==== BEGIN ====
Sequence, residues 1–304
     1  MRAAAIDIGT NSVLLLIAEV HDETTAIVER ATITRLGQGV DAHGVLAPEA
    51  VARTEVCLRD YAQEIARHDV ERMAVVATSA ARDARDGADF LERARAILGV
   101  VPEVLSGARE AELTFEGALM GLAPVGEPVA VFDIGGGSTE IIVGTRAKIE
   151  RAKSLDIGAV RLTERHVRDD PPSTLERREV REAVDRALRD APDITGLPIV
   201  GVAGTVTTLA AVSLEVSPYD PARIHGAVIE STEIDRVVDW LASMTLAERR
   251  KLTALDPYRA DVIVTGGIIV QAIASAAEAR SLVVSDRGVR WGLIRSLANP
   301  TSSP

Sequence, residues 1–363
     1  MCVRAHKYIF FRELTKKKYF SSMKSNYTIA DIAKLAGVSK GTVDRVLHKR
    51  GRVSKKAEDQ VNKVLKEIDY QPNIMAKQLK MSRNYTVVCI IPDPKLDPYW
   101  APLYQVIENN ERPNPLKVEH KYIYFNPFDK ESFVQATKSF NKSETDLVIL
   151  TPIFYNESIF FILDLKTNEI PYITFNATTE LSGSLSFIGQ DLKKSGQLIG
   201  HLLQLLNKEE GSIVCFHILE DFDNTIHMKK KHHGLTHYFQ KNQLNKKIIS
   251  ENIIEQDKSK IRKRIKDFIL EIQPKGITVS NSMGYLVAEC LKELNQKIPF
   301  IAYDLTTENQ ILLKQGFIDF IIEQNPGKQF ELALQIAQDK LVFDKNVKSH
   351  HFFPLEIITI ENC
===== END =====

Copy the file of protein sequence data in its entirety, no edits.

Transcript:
Sequence, residues 1–304
     1  MRAAAIDIGT NSVLLLIAEV HDETTAIVER ATITRLGQGV DAHGVLAPEA
    51  VARTEVCLRD YAQEIARHDV ERMAVVATSA ARDARDGADF LERARAILGV
   101  VPEVLSGARE AELTFEGALM GLAPVGEPVA VFDIGGGSTE IIVGTRAKIE
   151  RAKSLDIGAV RLTERHVRDD PPSTLERREV REAVDRALRD APDITGLPIV
   201  GVAGTVTTLA AVSLEVSPYD PARIHGAVIE STEIDRVVDW LASMTLAERR
   251  KLTALDPYRA DVIVTGGIIV QAIASAAEAR SLVVSDRGVR WGLIRSLANP
   301  TSSP

Sequence, residues 1–363
     1  MCVRAHKYIF FRELTKKKYF SSMKSNYTIA DIAKLAGVSK GTVDRVLHKR
    51  GRVSKKAEDQ VNKVLKEIDY QPNIMAKQLK MSRNYTVVCI IPDPKLDPYW
   101  APLYQVIENN ERPNPLKVEH KYIYFNPFDK ESFVQATKSF NKSETDLVIL
   151  TPIFYNESIF FILDLKTNEI PYITFNATTE LSGSLSFIGQ DLKKSGQLIG
   201  HLLQLLNKEE GSIVCFHILE DFDNTIHMKK KHHGLTHYFQ KNQLNKKIIS
   251  ENIIEQDKSK IRKRIKDFIL EIQPKGITVS NSMGYLVAEC LKELNQKIPF
   301  IAYDLTTENQ ILLKQGFIDF IIEQNPGKQF ELALQIAQDK LVFDKNVKSH
   351  HFFPLEIITI ENC